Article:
Assemblyman Jim Wheeler is a northern Nevada Republican who should be a Democrat … in the 1850s.
Wheeler shocked his fellow Republicans this week when a video surfaced of an August appearance in which he said that he would support anything voters in his district overwhelmingly backed, including slavery.
“I’d have to bite my tongue. They’d have to hold a gun to my head. But, yeah. It’s what the citizens want. It’s what the constituents want that elected me,” Wheeler said in the video posted to YouTube.
Governor Brian Sandoval and Senator Dean Heller distanced themselves from their fellow Republican, with Sandoval calling his comments “deeply offensive,” and Wheeler has since has said, “I don’t care if every constituent in District 39 wanted slavery, I wouldn’t vote for it. That’s ridiculous.” He said he was exaggerating to make a point.
But Wheeler’s not the only Nevada Republican to use the will of the people as an excuse to shirk moral responsibility.
Take Congressman Mark Amodei, who represents Wheeler’s area—parts of Douglas, Lyon, and Storey Counties—in the House of Representatives. On New Year’s night, 2013, he was the only member of Congress from Nevada to vote against the deal the House and Senate reached to avoid going over the “fiscal cliff.” Amodei told the Las Vegas Sun: “For the people that I represent, for these folks in a district where Sharron Angle beat Harry Reid by 19,000 votes? To go back to them and say ‘we have not taken this opportunity to do anything on spending or debt’—that is just at odds with what I represented to people I would try to do.”
Amodei also voted against the recent agreement Congress reached to avoid blasting through the debt ceiling and causing what most reputable economists predicted would be a disaster. He announced—get ready—“This has been quite an education serving Nevada for the past 25 months. We have turned over every rock and undertaken this latest effort against the Senate, the Administration, the national media, and the other side of the aisle in the House. My conscience is clear with respect to an all-out effort in a four against one fight. I now know how those folks at the Alamo felt.”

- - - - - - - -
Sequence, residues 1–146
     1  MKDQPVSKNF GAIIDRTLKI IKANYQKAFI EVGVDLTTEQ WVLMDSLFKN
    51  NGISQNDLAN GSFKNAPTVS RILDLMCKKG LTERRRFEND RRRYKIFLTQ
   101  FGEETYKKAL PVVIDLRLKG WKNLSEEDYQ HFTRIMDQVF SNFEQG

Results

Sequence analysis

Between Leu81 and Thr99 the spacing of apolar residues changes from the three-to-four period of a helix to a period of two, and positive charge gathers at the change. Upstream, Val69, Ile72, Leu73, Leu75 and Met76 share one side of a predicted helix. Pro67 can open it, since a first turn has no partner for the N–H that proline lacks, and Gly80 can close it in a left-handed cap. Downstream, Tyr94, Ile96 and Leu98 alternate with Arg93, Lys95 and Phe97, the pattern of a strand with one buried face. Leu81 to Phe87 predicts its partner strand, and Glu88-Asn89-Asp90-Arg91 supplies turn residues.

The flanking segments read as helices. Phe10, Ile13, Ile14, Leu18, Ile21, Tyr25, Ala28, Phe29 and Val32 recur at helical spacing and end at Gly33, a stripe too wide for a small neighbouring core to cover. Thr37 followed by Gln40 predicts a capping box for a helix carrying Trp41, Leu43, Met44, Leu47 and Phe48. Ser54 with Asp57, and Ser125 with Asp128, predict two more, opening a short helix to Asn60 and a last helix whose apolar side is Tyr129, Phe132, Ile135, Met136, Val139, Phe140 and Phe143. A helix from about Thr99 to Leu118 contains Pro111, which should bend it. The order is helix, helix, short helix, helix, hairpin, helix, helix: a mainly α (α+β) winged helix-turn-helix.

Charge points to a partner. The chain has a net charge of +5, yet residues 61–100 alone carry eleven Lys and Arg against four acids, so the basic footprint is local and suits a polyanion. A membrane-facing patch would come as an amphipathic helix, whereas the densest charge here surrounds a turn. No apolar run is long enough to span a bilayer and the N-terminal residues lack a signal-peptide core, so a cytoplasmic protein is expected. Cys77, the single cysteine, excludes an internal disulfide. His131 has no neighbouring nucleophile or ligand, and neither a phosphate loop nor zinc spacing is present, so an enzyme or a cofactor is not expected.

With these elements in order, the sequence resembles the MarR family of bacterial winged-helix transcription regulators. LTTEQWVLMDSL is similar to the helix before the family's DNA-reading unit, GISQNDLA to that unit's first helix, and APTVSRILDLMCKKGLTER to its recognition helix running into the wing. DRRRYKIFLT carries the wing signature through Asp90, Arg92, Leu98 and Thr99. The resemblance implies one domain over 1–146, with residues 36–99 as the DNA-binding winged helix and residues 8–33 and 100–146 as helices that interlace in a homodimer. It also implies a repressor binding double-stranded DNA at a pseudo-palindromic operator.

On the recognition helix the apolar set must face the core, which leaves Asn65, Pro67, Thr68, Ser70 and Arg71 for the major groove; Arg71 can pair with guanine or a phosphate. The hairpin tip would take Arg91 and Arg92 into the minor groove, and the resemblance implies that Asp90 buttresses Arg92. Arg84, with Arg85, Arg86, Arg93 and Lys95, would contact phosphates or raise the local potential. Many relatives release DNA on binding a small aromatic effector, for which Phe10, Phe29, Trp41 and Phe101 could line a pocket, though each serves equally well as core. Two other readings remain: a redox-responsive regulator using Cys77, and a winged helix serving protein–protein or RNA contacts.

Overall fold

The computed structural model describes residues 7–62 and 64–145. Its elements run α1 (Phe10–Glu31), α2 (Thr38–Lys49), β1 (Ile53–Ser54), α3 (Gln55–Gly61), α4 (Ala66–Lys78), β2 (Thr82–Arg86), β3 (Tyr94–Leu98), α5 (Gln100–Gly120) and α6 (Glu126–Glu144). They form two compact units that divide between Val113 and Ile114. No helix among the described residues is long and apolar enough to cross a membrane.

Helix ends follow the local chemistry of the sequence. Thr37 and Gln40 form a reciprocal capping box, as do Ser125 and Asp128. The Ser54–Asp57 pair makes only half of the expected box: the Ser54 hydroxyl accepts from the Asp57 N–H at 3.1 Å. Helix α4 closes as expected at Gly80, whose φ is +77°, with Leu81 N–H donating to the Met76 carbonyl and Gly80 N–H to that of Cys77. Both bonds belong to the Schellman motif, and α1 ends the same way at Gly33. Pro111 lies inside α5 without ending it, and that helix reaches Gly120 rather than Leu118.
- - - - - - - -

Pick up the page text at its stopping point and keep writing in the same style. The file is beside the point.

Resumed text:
Wheeler’s comments, and Amodei’s more politically correct but equally addled arguments, recall a philosophical debate that raged in the 1850s, when slavery was still legal. In the 1858 Senate race in Illinois, Democrat Stephen Douglas, the incumbent claimed that the concept of popular sovereignty—the people’s will, or votes—should decide whether slavery should be allowed to enter new territories. Republican Abraham Lincoln, his opponent, argued for the basic difference between right and wrong: “He is blowing out the moral lights around us when he contends that whoever wants slaves has a right to hold them.”
A century later, Claremont philosophy professor Harry Jaffa wrote a brilliant book, Crisis of the House Divided, that revived scholarly and popular interest in those debates. Jaffa argued that in the context of the history of philosophy, Lincoln took the classical position while Douglas represented the decline of moral and political philosophy by encouraging the majority will even when it was wrong. Jaffa believed that negotiating a settlement of the slavery issue in the 1850s was impossible because Douglas and other slavery apologists had taken an immoral stance in conflict with the Declaration of Independence.
(Another modern echo of the Douglas position can be found among politicians who punt on gay marriage, contending that the voters should decide.)
Republicans would benefit from reading Jaffa. Indeed, some already have: He wrote speeches for Republican presidential nominee Barry Goldwater in 1964, including the convention acceptance speech in which he famously declared, “Extremism in the defense of liberty is no vice, and moderation in the pursuit of justice is not a virtue.”